The Policing of Black Parenting

Among all of the works that we discussed in class last Wednesday, the one that stood out to me most was the article “Motherhood” from the Feminist Wire. Until reading that article, I, like the author Shannon J. Miller, had forgotten how rampant the policing of black parents is. The surveillance and suspension that the two mothers endured appalled me though it should not have, especially in light of the differential treatment of mothers in the Clouser and Taylor case. In 2014, a white woman from Arizona named Catalina Clouser got high and drove 12 miles with her 2-month-old baby in a car seat on top of the car roof. She eventually realized that her baby was not in the car, but only after her baby fell off of the roof of the car and into oncoming traffic on a highway. During this same year, another black woman from Arizona named Shanesha Taylor left her 2-year-old and 8-month-old son in the car during a job interview because she was unable to find childcare. Like Clouser, her children were not harmed. Needless to say, both women were negligent and put their children in danger, but Taylor’s seems more justified. However, her justification is not reflected in the initial sentencing. While Taylor’s plea agreement called for 10 years of probation, parenting classes, and restitution, Clouser’s agreement called for 16 years of probation with no strings attached.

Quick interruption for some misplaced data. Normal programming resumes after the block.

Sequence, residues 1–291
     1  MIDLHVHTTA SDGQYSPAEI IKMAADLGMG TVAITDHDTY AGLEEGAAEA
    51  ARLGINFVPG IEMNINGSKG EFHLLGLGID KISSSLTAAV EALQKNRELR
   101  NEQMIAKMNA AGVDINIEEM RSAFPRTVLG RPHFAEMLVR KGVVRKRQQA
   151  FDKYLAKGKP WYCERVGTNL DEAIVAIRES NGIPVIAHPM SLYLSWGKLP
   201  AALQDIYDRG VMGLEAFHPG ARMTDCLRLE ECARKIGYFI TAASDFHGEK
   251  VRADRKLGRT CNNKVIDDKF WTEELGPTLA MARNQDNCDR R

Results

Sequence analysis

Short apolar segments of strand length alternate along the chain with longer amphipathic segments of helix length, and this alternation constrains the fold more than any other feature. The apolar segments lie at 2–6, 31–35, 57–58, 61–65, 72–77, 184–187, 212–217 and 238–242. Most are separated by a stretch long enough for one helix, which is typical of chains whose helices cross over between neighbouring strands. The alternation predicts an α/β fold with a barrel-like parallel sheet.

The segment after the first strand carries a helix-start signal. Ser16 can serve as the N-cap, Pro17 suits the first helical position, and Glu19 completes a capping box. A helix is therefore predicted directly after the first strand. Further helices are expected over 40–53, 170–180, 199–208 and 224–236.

The differential treatment between the two women and the “need” for parenting classes and restitution only for Taylor stems from the myth that black women are incompetent, money-hungry mothers. As restitution is money to recompense for injury or loss, the fact that the initial plea agreement called for Taylor to pay restitution suggests that her children were harmed and that only Taylor committed a wrongdoing. As a result of the policing of black parenting, higher numbers of black children are placed in foster and adoptive homes under the supervision of parents who, oftentimes, cannot provide children with the skills that they need to survive as a black person and to understand and be proud of their heritage, as Perry notes in “Transracial Adoption.” I sometimes worry about the future of the children that I someday wish to have, but hope that the policing of black parents will be less prevalent then.


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